George Friedman
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Geopolitically, a trip to Iran could not come at a better time. Iran is an emerging power seeking to exploit the vacuum created by the departure of U.S. troops from Iraq, which is scheduled to conclude in a little more than three months. Tehran also plays a major role along its eastern border, where Washington is seeking a political settlement with the Taliban to facilitate a U.S. withdrawal from Afghanistan.

The Islamic republic simultaneously is trying to steer popular unrest in the Arab world in its favor. That unrest in turn has significant implications for the Israeli-Palestinian conflict, an issue in which Iran has successfully inserted itself over the years. The question of the U.S.-Iranian relationship also looms — does accommodation or confrontation lie ahead? At the same time, the Iranian state — a unique hybrid of Shiite theocracy and Western republicanism — is experiencing intense domestic power struggles.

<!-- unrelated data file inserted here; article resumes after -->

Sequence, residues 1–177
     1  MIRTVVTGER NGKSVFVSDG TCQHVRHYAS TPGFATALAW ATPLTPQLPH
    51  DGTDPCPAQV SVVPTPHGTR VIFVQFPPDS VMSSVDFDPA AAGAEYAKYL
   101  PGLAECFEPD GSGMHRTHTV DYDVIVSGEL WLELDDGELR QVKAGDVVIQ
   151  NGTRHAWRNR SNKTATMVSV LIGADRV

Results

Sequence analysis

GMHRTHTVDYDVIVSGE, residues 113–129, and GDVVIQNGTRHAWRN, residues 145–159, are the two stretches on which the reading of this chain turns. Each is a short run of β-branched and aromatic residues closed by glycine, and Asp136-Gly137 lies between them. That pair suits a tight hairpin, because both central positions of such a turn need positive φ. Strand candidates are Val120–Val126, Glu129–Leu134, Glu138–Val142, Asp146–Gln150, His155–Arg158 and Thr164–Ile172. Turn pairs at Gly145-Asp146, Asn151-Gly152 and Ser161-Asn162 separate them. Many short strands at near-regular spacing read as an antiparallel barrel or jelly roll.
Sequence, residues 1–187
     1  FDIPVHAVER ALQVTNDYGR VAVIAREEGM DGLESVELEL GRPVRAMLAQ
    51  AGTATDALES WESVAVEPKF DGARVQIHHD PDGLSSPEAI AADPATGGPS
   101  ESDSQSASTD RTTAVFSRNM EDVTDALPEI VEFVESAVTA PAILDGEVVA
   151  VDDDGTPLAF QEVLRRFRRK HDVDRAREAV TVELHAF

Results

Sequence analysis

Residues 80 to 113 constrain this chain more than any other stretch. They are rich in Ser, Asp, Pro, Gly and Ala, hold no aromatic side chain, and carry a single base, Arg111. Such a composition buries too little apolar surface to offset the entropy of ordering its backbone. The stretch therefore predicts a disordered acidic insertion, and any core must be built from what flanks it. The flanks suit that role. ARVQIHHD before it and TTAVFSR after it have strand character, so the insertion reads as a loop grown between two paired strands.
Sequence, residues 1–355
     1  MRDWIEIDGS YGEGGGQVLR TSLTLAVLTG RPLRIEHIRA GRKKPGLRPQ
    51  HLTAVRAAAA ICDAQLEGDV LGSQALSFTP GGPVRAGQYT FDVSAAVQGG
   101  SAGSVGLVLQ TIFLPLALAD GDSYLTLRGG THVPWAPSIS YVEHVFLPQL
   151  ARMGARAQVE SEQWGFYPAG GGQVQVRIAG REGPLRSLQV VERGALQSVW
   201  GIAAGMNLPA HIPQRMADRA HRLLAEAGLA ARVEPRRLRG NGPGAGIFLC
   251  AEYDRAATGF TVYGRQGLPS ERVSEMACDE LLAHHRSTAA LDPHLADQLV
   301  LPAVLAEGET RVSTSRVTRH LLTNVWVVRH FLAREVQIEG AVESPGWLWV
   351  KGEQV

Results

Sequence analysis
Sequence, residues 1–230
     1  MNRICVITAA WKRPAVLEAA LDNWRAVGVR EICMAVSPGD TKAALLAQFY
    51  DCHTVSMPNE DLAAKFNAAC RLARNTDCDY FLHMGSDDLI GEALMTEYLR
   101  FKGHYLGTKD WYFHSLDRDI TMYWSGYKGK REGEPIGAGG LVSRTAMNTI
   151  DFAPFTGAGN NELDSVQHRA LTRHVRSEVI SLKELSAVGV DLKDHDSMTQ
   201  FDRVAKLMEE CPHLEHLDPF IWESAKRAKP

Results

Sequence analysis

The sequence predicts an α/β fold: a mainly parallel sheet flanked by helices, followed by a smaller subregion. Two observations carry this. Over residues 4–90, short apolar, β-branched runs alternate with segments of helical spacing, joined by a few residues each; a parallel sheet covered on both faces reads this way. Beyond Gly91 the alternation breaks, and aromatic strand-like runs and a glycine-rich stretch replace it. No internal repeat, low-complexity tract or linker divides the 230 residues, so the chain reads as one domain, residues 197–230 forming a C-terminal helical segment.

This is the geopolitical context in which I arrived at Imam Khomeini International airport late Sept. 16. Along with several hundred foreign guests, I had been invited to attend a Sept. 17-18 event dubbed the “Islamic Awakening” conference, organized by the office of Supreme Leader Ayatollah Ali Khamenei. Given the state of Iranian-Western ties and my position as a senior analyst with a leading U.S.-based private intelligence company, the invitation came as surprise.

With some justification, Tehran views foreign visitors as potential spies working to undermine Iranian national security. The case of the American hikers jailed in Iran (two of whom were released the day of my return to Canada) provided a sobering example of tourism devolving into accusations of espionage.

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George Friedman

George Friedman is the CEO and chief intelligence officer of Stratfor, a private intelligence company located in Austin, TX.